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Alstonia congensis Engl.

Protologue
Bot. Jahrb. Syst. 8: 64 (1887).
Family
Apocynaceae
Synonyms
Alstonia gilletii De Wild. (1907).
Vernacular names
Alstonia, cheesewood, stool wood, pattern wood (En). Emien (Fr). Songati (Po).
Origin and geographic distribution
Alstonia congensis occurs from south-western Nigeria to the Central African Republic, eastern and southern DR Congo, and northern Angola.
Uses
The wood is used for light construction, light carpentry, open boats, moulding, furniture, interior joinery, implements, boxes, crates, matches, pencils, sculptures (e.g. masks), and for veneer and plywood (interior). It is locally popular for the production of household implements because of its good working properties and stability.
A bark decoction is used to treat malaria, gonorrhoea, diarrhoea and other intestinal problems, rheumatic pain, and as a galactagogue, and the bark is also applied as an antidote for arrow poison and as an anthelmintic. The latex is used to treat leucorrhoea, ulcers, scabies, yaws and headache. Lightly roasted leaves are smoked in a pipe as a remedy for cough. The tree is occasionally used as an ornamental or shade tree.
Production and international trade
Although Alstonia timber of Asian origin (from different species; mainly from Indonesia and Malaysia) is important on the international timber market, Alstonia timber is only occasionally exported from African countries, and then probably in mixed consignments of lightweight timber. It is mostly used locally.
Properties
In trade the wood of Alstonia congensis is not distinguished from that of Alstonia boonei De Wild.; it has similar properties. The heartwood is creamy white and indistinctly demarcated from the up to 20 cm wide sapwood. The grain is straight, occasionally wavy, texture moderately coarse. Growth rings indistinct or absent.
The wood is lightweight. The density is 340–400 kg/m³ at 12% moisture content. The shrinkage rates are moderately low, from green to oven dry 3.2–4.0% radial and 5.1–5.5% tangential. The wood dries rapidly, with slight risk of distortion and checking. Once dry, it is stable.
At 12% moisture content, the modulus of rupture is 48–70 N/mm², modulus of elasticity 5800–8800 N/mm², compression parallel to grain 23–36 N/mm², shear 1–2 N/mm², cleavage 7–16 N/mm and Janka side hardness 1825 N.
The wood is easy to saw, although the presence of latex may cause clogging of sawblades. The peeling characteristics are good. Nailing and screwing usually do not cause problems, and gluing, painting and varnishing give good results. The surfaces produced are generally smooth if sharp cutting edges are used. The steam-bending properties are poor.
The wood is not durable. It is easily attacked by fungi and very prone to blue stain. It is susceptible to dry-wood borers, powder-post beetles and termites. Consequently, it is only suited for indoor use and cannot be used in contact with the ground. However, it is easy to treat with preservatives, absorbing over 480 kg/m³ using open tank or pressure systems.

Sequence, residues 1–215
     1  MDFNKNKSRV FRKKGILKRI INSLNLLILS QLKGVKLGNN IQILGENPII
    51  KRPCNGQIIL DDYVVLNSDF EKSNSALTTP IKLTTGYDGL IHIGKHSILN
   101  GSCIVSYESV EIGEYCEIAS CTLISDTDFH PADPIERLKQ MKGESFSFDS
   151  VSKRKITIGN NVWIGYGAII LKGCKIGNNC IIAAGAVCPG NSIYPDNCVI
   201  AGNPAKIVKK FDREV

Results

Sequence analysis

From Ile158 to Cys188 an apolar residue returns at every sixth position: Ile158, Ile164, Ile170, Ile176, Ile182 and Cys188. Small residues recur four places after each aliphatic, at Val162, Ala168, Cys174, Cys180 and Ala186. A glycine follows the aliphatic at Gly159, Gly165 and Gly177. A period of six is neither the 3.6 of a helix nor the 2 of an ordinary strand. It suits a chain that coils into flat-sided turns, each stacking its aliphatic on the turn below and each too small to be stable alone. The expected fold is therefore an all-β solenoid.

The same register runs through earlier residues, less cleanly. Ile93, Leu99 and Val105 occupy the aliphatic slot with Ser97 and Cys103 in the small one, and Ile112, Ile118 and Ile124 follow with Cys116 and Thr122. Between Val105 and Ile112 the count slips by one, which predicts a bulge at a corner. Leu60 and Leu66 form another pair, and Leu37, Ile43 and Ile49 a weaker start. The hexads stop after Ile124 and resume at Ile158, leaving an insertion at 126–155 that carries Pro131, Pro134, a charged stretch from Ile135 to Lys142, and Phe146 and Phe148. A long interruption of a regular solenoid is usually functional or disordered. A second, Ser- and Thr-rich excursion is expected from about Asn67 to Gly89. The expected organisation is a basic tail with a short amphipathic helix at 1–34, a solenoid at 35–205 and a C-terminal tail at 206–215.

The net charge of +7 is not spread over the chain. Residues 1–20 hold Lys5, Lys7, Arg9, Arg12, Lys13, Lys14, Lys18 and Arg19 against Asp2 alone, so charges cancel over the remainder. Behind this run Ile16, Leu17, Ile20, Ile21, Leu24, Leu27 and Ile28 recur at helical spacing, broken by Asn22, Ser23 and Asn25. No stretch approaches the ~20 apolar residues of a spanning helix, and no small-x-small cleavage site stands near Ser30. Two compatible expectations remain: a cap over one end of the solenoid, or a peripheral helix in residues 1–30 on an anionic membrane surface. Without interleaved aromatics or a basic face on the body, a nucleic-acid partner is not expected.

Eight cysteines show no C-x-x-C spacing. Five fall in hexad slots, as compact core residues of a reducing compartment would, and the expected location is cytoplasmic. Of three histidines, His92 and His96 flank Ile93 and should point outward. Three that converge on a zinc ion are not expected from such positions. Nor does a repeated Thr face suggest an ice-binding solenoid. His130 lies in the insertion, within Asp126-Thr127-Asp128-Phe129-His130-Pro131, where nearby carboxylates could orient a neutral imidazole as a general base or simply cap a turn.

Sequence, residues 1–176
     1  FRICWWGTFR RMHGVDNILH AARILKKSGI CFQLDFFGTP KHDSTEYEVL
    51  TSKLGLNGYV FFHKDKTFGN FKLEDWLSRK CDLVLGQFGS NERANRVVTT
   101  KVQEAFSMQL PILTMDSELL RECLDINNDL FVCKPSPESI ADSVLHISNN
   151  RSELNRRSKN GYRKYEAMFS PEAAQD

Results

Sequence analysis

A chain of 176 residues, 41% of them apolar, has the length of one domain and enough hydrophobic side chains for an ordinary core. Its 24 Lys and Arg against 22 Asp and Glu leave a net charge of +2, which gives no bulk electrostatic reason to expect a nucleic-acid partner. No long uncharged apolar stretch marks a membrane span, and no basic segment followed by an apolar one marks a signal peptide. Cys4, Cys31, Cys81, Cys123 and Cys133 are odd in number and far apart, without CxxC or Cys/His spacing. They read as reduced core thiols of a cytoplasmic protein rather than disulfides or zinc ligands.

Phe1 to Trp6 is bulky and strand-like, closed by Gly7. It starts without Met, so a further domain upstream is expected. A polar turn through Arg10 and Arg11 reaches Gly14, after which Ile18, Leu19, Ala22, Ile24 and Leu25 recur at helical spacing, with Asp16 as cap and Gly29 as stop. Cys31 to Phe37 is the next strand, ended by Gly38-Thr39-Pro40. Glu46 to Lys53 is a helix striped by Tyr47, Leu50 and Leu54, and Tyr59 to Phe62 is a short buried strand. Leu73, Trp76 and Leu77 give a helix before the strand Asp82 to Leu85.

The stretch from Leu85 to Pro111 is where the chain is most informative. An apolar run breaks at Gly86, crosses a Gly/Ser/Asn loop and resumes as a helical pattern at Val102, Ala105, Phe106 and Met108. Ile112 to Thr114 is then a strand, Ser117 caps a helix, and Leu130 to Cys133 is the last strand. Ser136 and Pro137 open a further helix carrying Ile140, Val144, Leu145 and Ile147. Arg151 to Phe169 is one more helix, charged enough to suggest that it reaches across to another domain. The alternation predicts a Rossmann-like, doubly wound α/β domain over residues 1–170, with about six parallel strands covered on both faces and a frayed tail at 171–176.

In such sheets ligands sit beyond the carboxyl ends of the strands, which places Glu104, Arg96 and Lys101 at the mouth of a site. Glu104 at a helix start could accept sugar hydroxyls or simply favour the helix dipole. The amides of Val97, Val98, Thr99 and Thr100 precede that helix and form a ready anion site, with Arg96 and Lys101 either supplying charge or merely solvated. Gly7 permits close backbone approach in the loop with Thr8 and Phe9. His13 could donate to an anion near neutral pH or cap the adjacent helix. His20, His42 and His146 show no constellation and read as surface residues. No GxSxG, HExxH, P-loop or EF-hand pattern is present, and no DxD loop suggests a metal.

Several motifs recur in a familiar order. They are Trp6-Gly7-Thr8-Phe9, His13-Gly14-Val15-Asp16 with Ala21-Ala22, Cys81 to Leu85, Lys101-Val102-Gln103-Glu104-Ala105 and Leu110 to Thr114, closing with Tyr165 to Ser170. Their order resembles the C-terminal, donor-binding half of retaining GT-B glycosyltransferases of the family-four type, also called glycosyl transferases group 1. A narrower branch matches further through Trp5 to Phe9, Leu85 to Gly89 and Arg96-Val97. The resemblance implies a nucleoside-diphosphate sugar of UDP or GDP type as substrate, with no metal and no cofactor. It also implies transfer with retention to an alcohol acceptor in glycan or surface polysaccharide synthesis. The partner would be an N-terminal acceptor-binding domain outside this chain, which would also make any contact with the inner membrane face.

A methanolic leaf extract showed some antimalarial activity in tests on Plasmodium berghei in mice; it suppressed early infection, but showed no effect when the infection was already established. The bark and leaves showed cardio-activity in animal tests. Several alkaloids have been isolated from the bark and leaves. One of these is the indole alkaloid echitamine, which showed several pharmacological activities (e.g. hypotensive activity and relaxing activity of smooth muscles) in animal test models. However, this compound showed only very limited antiplasmodial effect.
Adulterations and substitutes
The wood of the closely related Alstonia boonei is used indiscriminately from that of Alstonia congensis.
Description
Small to medium-sized tree up to 15(–25) m tall, with latex; bole up to 30(–100) cm in diameter, fluted at the base or with steep buttresses; bark smooth or rough, usually with large lenticels, greyish or pale brown, inner bark creamy or pale yellow, with copious latex; crown layered. Leaves in whorls of 4–6(–8), simple and entire; stipules absent; petiole up to 0.5 (–1) cm long, flattened and grooved above, with narrowly triangular colleters at base; blade obovate to spatulate, 8–26 cm Χ 3.5–11.5 cm, cuneate at base, rounded to shortly acuminate at apex, occasionally retuse, leathery, glabrous, many-veined with lateral veins joining near the margin. Inflorescence a terminal, compound, umbel-like cyme up to 25 cm long; peduncle 3.5–12 cm long, stout; bracts up to 2 mm long. Flowers bisexual, regular, 5-merous, fragrant; pedicel ( 2–)3–5(–9) mm long; sepals up to 3 mm long, fused at base, glabrous but slightly pubescent at margins; corolla cream-coloured, pale yellow or pale pink, pubescent, with tube 4–7.5 mm long, widening near the end, lobes obliquely obovate, 4–10 mm long; stamens inserted in upper part of corolla tube, filaments c. 0.5 mm long, anthers up to 1.5 mm long; ovary superior, ovoid, glabrous or occasionally slightly pubescent, 2-celled, style 1–3.5 mm long, ending in a pistil head composed of a basal ring, a cylindrical central part and an elongate cleft stigmoid apical part. Fruit composed of 2 linear follicles 20–45 cm long and 2–4 mm in diameter, glabrous, many-seeded. Seeds oblong, flattened, 6–9 mm Χ 2–2.5 mm, brown, with long hairs up to 2 cm long on the ends.
Other botanical information
Alstonia comprises about 40 species and has a pantropical distribution. Only two species are indigenous in Africa, both belonging to section Alstonia. Alstonia boonei differs from Alstonia congensis in its stalked leaves, pubescent sepals and pubescent follicles, and also in surface sculpturing of the lower leaf epidermis (stomata exposed in Alstonia congensis, concealed below wax chains in Alstonia boonei). In much of the older literature concerning West Africa, the name Alstonia congensis has been erroneously used for Alstonia boonei.
Anatomy
Wood-anatomical description (IAWA hardwood codes):